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The Flash and the never ending battle with self-esteem

Barry Allen is faster than he's ever been, so why does it feel like this show is standing still?

Charlie Hall is Polygon’s tabletop editor. In 10-plus years as a journalist & photographer, he has covered simulation, strategy, and spacefaring games, as well as public policy.

Last night, CW's The Flash tied up another two-part story arc with a dramatic, flashy episode that brought in characters from two dimensions. It also closed out one of this season's longest running plot lines. With so much narrative momentum behind it — nearly an entire season of toil on screen and off — did our hero Barry Allen (Grant Gustin), actually learn anything? Did his character evolve in any meaningful way?

Nope. But it was a nice ride while it lasted.

Episode 14 opened with Flash trapped inside Zoom's secret lair on Earth 2. Back on Earth 1, Geomancer (Adam Stafford) is on a rampage. Someone has to protect the people of Central City, and it's up to Caitlin Snow (Danielle Panabaker) to solve the Velocity serum's genetic riddle and get Jay Garrick (Teddy Sears) his Speed Force back.

After several failed attempts, Snow finally gets it right. Velocity Nine has Garrick feeling fit and zipping along at over 1,000 miles per hour again. Fans were treated to a fantastic sequence where he evacuated a 20-storey building as it crumbled to the ground. Even better, Velocity Nine is beginning to reverse the damage to his cells.

Garrick isn't just getting faster, he's getting healthier as well.

Back on Earth 2, Flash and Jesse Wells (Violett Beane) begin trying to communicate with a third prisoner — a mysterious man in an iron mask. Together they began the hard work trying to communicate with him via a series of coded taps, but all they can manage to decipher is a single word — JAY.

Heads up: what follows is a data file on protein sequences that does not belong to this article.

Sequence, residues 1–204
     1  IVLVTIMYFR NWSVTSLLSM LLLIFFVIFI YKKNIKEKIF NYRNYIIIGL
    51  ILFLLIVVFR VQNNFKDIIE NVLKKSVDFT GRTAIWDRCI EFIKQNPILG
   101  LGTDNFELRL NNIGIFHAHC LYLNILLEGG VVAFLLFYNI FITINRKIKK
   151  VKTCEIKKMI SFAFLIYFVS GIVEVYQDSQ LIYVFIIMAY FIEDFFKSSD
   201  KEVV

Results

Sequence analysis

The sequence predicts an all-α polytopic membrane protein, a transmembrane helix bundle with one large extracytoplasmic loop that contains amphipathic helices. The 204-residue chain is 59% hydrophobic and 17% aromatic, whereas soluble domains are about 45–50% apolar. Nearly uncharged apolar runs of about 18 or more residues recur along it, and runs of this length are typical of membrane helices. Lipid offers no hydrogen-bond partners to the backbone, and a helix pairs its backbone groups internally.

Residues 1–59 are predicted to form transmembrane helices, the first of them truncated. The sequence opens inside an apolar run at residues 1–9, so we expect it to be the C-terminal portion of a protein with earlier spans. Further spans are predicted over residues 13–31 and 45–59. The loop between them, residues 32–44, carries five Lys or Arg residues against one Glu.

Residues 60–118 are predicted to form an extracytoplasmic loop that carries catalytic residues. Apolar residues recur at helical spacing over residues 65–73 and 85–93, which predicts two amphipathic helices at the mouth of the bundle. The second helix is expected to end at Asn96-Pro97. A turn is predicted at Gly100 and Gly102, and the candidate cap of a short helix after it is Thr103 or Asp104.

It's a mystery that will have to wait until another episode.

Meanwhile, Wells and Cisco Ramon (Carlos Valdes) go after Killer Frost (also played by Danielle Panabaker), trying to track down Zoom and rescue Allen. Joining them on the quest is Earth 2's Iris West (Candice Patton) and a hopelessly nerdy version of Barry Allen. Together, the team overpowers Killer Frost and convinces her to take them to Zoom's lair.

In the episode's climax, Wells is reunited with his daughter. Frost comes to Jesse's aid, shattering the last chain that holds her captive. But her powers are no match for the cage that Zoom has Flash trapped in. Allen implores them all to leave and save themselves.

But, in the eleventh hour, it's the Earth 2 version of Barry Allen who rises to the occasion. He tells Earth 1 Barry Allen how he fought a metahuman and climbed an icy staircase in saddleback wingtips that day, things he never thought he could do. Surely, he says, the Flash can move fast enough to phase out of his cage.

And so, for the umpteenth time, Barry's crisis of confidence is resolved by some stirring words. He phases himself free while Killer Frost, in a fit of vengeance over the death of Earth 2's Ronnie Raymond (Robbie Amell), keeps Zoom pinned long enough for them to escape.

Wells, Jesse, Cisco and the Flash all leap through the dimensional portal back to Earth 1. And then, in the episode's final moments and just as the final gateway is shut, Zoom reaches across space to impale Jay Garrick and pull him back to Earth 2.

Poor Caitlin Snow has another lover killed before her eyes and, for all his hard psychological work, Barry Allen fails to protect his friends once again. For all the new characters and all the new locations served up to fans of the series, it was just another cyclical rehash of Barry Allen's ongoing battle against his own sense of inadequacy.

The Flash is running full bore, faster than he's ever gone before. But in the tail end of this season he still feels like he's standing still.

At the very least we're clear of the Zoom plotline, at least for a few episodes.

I'm intrigued by the unanswered question of the man in the iron mask, and why he's so fixated on Jay. Nevertheless, I'm just looking forward to the return of King Shark next week. Something light and silly is just what the series needs to get out of its narrative funk.

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